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    May 19, 2023

    One Big Thing: The Biggest Hurdle for Project Managers to Become Product Managers

    In a recent blog post, we outlined some of the key benefits of product management. But, in order to get those benefits, your organization needs to have the right people in place.

    Product management and project management are two different roles within a company; each has different responsibilities and requires a unique set of skills. While there may be some overlap between the two roles, it is important to understand the differences in order to maximize the productivity of your organization. You can’t just change your project manager’s title to product manager and be done.

    Project management

    Project management is, at its heart, a linear process, with a clear beginning, middle, and end. The goal is to complete the project on time, within budget, and to the satisfaction of stakeholders.

    Think of project management like baking a cake. You have a recipe, a timeline, and a set of ingredients that need to be mixed together in a specific order. You follow the recipe step by step until you have a finished deliverable.

    Product management

    Product management, on the other hand, is an iterative process focused on creating and delivering an ongoing asset that continuously solves customer problems. Product managers work to identify new customer needs, gather feedback, and make improvements to the product to ensure that it remains relevant and valuable over time.

    Think of product management like gardening. You plant a seed, water it, and tend to it over time, making adjustments as needed to ensure that it grows and thrives.

    How are project and product management different?

    The contrast between the linear and iterative process is really important because it entirely changes the nature of the relationship between project/product managers and their stakeholders.

    Because a project has a definitive goal and end date, everyone involved just needs to get charged up once to make it to the finish line. This is a fairly straightforward activity—one that still requires good organizational and communication skills, mind you. However, this does not require any particular domain expertise to accomplish if you have the right subject matter experts on hand.

    Another good analogy here is attending college and the relationship with professors and fellow students. You have a set of courses to take, a set amount of time to take them, some flexibility in the sequence, and (hopefully) a degree and graduation ceremony at the end. If you choose, you can keep in touch with the people you studied with or never see them again. You might have been able to deal with that roommate knowing it was for a finite duration, but you would never want to put up with them indefinitely.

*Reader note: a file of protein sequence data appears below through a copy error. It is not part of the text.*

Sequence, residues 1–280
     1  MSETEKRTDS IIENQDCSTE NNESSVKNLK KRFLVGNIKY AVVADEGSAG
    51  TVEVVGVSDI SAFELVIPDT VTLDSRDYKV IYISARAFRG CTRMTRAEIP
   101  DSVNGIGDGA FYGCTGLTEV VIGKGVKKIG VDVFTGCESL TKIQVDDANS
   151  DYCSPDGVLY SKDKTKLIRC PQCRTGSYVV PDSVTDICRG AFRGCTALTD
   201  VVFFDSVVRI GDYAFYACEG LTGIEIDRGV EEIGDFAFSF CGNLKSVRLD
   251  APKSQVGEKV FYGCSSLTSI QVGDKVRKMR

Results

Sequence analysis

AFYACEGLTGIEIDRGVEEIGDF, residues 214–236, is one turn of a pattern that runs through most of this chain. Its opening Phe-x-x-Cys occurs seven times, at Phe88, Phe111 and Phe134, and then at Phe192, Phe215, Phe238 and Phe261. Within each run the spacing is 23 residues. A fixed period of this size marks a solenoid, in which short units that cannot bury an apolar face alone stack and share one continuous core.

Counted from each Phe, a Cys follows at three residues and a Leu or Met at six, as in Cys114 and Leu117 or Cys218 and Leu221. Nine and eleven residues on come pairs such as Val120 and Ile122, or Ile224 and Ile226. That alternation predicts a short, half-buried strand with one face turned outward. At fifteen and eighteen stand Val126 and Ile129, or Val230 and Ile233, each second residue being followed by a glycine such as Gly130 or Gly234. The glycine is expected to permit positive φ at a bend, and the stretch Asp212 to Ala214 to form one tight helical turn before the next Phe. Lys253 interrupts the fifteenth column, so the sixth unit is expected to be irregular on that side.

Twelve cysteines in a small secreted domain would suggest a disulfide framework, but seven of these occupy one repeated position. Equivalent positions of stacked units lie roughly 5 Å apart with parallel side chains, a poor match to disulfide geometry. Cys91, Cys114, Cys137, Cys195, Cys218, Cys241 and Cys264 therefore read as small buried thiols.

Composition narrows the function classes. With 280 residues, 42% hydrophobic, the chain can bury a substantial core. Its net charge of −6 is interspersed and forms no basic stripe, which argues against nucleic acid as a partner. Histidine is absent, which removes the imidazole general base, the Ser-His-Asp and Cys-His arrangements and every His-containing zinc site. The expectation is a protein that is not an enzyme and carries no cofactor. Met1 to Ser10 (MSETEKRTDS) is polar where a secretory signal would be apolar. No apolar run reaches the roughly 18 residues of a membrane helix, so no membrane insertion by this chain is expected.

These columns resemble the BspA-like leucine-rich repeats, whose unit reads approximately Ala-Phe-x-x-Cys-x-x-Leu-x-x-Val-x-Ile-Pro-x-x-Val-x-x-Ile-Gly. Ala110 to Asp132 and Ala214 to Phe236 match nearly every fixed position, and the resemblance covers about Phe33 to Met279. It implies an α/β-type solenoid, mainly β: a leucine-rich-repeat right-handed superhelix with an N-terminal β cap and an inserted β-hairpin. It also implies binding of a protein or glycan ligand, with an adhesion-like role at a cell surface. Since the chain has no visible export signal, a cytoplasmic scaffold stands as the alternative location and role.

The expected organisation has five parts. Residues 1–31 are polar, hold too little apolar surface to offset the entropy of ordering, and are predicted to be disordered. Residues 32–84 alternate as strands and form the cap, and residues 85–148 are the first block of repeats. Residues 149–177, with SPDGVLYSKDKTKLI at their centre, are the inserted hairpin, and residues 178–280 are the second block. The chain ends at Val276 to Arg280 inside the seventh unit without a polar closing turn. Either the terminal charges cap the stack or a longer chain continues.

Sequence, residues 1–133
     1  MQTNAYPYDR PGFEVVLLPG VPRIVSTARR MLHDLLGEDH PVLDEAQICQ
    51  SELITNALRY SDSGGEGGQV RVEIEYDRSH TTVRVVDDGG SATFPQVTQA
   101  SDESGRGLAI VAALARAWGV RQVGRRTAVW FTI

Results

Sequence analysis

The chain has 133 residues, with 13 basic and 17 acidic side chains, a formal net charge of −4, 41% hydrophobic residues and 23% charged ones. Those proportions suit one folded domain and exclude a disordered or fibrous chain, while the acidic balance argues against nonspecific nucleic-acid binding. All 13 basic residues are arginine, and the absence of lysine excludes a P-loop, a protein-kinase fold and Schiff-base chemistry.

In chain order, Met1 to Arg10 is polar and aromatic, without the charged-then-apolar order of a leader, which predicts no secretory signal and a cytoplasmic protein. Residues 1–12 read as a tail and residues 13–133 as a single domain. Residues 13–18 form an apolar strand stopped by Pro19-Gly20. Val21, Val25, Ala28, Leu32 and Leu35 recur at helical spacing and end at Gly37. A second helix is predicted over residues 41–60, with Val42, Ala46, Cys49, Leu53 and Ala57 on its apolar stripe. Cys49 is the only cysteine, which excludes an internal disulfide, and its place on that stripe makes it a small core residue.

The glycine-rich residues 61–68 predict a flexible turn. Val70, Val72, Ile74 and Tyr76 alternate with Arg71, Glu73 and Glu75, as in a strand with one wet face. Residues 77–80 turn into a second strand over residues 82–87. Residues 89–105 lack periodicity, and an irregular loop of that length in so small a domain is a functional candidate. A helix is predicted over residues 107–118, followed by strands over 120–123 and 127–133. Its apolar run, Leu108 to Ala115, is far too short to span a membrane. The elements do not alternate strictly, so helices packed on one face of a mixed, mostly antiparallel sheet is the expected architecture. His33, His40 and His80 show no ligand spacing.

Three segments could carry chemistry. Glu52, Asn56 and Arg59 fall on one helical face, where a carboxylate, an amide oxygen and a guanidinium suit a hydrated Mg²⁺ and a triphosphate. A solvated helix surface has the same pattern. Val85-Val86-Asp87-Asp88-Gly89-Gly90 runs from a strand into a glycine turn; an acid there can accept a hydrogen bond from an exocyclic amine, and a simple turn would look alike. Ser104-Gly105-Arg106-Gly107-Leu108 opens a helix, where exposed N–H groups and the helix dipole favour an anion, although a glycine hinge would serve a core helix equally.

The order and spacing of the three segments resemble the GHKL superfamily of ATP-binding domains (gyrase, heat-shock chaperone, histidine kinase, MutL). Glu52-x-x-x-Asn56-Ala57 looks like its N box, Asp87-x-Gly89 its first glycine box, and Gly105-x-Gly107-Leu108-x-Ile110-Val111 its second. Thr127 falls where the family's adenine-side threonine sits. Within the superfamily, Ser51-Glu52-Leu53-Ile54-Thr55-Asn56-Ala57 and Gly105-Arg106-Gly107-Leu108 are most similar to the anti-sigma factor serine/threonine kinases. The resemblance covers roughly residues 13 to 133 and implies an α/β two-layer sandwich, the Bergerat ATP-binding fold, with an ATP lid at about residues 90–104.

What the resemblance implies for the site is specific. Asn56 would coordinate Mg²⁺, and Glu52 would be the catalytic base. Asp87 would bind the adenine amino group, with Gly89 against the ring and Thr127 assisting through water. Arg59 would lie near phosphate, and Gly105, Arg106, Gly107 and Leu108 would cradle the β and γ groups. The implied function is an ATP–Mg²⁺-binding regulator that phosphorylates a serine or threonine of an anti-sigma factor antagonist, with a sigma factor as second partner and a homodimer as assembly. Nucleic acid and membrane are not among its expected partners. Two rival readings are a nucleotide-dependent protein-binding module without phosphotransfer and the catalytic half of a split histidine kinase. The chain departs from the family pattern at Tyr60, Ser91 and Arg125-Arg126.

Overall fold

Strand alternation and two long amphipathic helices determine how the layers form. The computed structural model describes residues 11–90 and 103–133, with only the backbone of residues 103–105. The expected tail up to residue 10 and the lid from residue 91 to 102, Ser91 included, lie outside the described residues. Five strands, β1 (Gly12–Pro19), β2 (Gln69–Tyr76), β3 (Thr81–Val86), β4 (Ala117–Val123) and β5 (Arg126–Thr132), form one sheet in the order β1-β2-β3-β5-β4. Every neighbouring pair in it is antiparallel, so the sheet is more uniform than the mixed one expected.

Product managers have a much more challenging task when it comes to dealing with stakeholders. That’s because the relationships are now enduring, pretty much like getting married. You don’t know how long you will be together, but the hope is that you will continue delivering value forever (or as long as is reasonably possible).

    This also means that there may be fits and starts, periods where things go well and periods where things go poorly—all of the usual ups and downs of any relationship. Project managers generally don’t have to consider these ongoing dynamics.

    Most importantly, product managers have to devise ways to make the product’s value attractive to stakeholders on a repetitive basis. Every quarter, new features are delivered; it’s up to the product manager to get the stakeholders to care and recognize that value each and every time—similar to ways people have to work to keep things fresh within a marriage.

    Conclusion

    Given these distinctions, the reality is that the skills necessary to be a successful product manager are different than those required to be a successful project manager. We’ll cover those skills in a later post.

    In the meantime, Broadcom offers workshops and other resources for people looking to improve their product management approach.

    Brian Nathanson

    Brian Nathanson is a recovering certified Project Management Professional now serving as the Head of Product Management Clarity at Broadcom. He is the host of several popular Clarity-related customer webcasts (Office Hours, Release Previews, and the End-to-End Modern UX Demos) and has conducted many hours of both...

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